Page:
Within a few hours, we received our test results: negative for my wife and positive for me. What transpired over the next few hours and days consisted of a lot of research into quarantine requirements and travel requirements to understand what I needed to do locally and what I needed to do in order to return to the U.S. as quickly — and safely — as possible. The rules mandated 7 days of quarantine from the onset of symptoms with at least 48 hours symptom-free plus three days of “special care,” meaning not going out in crowds. I ended up in Argentina about five days longer than planned. 

After a few conversations with my primary doctor and a few days without symptoms, I ultimately flew home on Friday evening with my positive test and a signed letter indicating proof of recovery. Luckily for me, the entire experience was nothing more than a minor inconvenience. However, five lessons became abundantly clear.

My lessons learned

Photo of an at-home COVID-19 test kit in 2022
A BinaxNow at-home COVID-19 test being proctored. (Photo by Clint Henderson/The Points Guy)

Travel with take-home tests

Before leaving for your international trip, purchase at least one take-home test to take with you. Depending on your destination, tests can be difficult to find or, at the very least, inconvenient to find. Considering my symptoms were never more than mild congestion, I never felt the need to seek out a testing center prior to my mandatory test for returning home. However, if I had a take-home test on hand, there’s a good chance I would have used it and had a few days’ head start on planning my next moves regarding quarantine and my return trip.

Related: Traveling soon? Here’s where you can quickly get a COVID-19 PCR test for travel

‘No more than one day before you travel’ does not mean ‘No more than 24 hours before you travel’

The United States’ testing requirement for international travel states that travelers “are required [to] show a negative COVID-19 viral test result taken no more than one day before travel…”  I had interpreted this to mean that for a 9 p.m. flight on Monday, your test could be conducted no earlier than 9 p.m. on Sunday. After testing positive, I learned “one day before travel” means that your test can be taken at any time during the day before your travel date. While this knowledge would not have changed my circumstances, earlier awareness of my predicament would certainly have reduced my stress levels in the short seven hours between learning my test results and my scheduled departure.

Required or not, purchase trip insurance

To satisfy Argentina’s insurance requirement, I purchased the bare minimum $12 plan from Trawick International. While it remains to be seen how the claims process goes, my plan included $150 per day of trip delay insurance.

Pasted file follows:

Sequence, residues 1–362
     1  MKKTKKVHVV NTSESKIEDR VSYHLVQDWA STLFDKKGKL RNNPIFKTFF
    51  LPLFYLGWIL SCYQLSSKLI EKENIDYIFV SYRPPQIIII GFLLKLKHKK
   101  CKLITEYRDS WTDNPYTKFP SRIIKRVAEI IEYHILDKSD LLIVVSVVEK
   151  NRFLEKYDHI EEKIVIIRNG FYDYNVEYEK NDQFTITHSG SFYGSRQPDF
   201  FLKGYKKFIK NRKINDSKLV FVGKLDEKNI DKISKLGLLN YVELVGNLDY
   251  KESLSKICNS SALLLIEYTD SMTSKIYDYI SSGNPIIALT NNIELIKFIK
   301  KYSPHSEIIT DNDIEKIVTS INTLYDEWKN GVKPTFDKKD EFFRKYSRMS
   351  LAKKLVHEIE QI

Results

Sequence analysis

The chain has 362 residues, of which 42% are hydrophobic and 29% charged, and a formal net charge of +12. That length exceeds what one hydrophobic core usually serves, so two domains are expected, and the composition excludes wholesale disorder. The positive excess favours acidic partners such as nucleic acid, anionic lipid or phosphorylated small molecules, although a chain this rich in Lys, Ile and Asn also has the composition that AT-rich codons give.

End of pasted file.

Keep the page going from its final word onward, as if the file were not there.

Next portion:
Luckily for me, I was able to stay with local friends. However, had I been in a different destination, I would likely have needed a lot more coverage to find a suitable hotel for my extended stay. For my needs, the $150 was plenty to cover food and other costs I incurred. In the future, I will make a deliberate calculation to ensure my trip delay coverage matches my potential needs at my destination.

If you’re able to work remotely, travel with your work computer

So long as there is a testing requirement in place necessary for re-entry to the U.S., all travelers should anticipate the possibility of testing positive abroad. Having recognized this prior to my trip, I made the decision to bring my work computer with me. While it stayed in my backpack for the entire first part of the trip, I was certainly glad I was able to work remotely after my planned return was disrupted.

Don’t upgrade your flight until you have your negative test in hand

The day before our original return trip, I had upgraded our seats to Delta Premium Select using miles that transferred from American Express. When it came time to change my return flight, I was reminded that upgrades made using miles are non-refundable. The miles I used to upgrade my original ticket disappeared in an instant. To make matters worse, the additional price of the upgrade was not part of the equation in determining the price difference between my original fare and my new fare (the only remaining element of change fees after Delta dropped nearly all change fees in 2020).

Related: What if I can’t get a COVID-19 test before my flight to the US?

Fortunately, it only cost me $68 to change my ticket — but you may not be so lucky.

Featured photo by Jackyenjoyphotography/Getty Images.